I spent a week this Fall (2012) immersing myself in Lake Michigan as part of my work connected to the Great Lakes Commons Gathering at the University of Notre Dame. I created art and put on a five day public performance at the confluence of Dunes Creek and Lake Michigan in Indiana Dunes State Park. I also visited the brutalized community, land, and waters of Gary, Indiana.

Standing on the frozen water one day with a camera awakened in me an eventual shift from being a social documentary street photographer to taking abstract, lyrical pictures of the Upper Mississippi River Watershed. This has allowed me to see our troubled, complex relationship with the source of our drinking water and the creator of our modern cities.

Activating my work by placing it in non-traditional contexts has been part of my artistic practice since the late-1980’s. This has included sticker graffiti art installation and stenciling, creating chemical awareness lawn signs, and street performance art.

I discover evidence of our human activities whether it be floating styrofoam, oil running towards the rivers or the side of a industrial-size herbicide container. In my working photographic process I seek to create beauty out of the damage I see. This makes our cataclysmic additions to nature not only more palatable to contemplate, but also more difficult to ignore.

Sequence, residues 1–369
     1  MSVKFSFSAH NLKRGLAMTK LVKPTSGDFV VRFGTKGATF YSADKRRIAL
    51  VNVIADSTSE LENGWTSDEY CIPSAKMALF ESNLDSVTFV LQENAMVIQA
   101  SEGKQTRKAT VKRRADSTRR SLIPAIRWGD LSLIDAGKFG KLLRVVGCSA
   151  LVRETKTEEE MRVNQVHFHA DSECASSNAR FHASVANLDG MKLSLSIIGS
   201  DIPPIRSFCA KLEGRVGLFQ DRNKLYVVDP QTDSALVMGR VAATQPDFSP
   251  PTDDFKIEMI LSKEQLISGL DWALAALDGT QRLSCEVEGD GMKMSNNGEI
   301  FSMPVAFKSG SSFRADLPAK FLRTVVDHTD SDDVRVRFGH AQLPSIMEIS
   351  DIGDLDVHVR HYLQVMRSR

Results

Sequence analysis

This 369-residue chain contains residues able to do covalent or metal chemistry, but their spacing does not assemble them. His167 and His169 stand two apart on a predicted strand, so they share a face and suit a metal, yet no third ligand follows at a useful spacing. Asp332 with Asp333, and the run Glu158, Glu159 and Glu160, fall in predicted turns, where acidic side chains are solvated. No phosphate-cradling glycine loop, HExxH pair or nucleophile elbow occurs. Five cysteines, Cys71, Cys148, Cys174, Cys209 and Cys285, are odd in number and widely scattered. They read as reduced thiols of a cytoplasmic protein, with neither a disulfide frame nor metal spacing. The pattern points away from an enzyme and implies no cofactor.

Sedimental Journey

An abandoned iced over fishing hole in the Minnesota River launched me on this journey of seeing, really seeing the Big River. I work as an artist to create community with the River and with all of us that have a bond with the Father of Waters. This exhibition’s work was created from, in, with, and by the waters of the Upper Midwest Mississippi River Watershed. I dare to see and make art within the devastating truth and beauty of our toxic relationship with the Big River. Here I am specifically seeing the sediment from farming practices along the Minnesota Valley that is filling up Lake Pepin. I give voice to the River when I share what I see with you. This art making is where I find my deep love of this ecosystem that feeds our bodies and spirit.

These photographs are from a body of work where I stared into the eye of the American Dream, Mainstream culture, and the people I met on the street. Seeing quiet moments within the chaotic city energy added a new layer to my artistic education. This laid the foundation for me later to be a street performance artist.

This gallery features examples of my work as a member of the Iron Range Community Documentary Project from 1986-1990.

I became friends with Andrew during his stays at a local children's hospital that were a constant part of his all too brief beautiful life.
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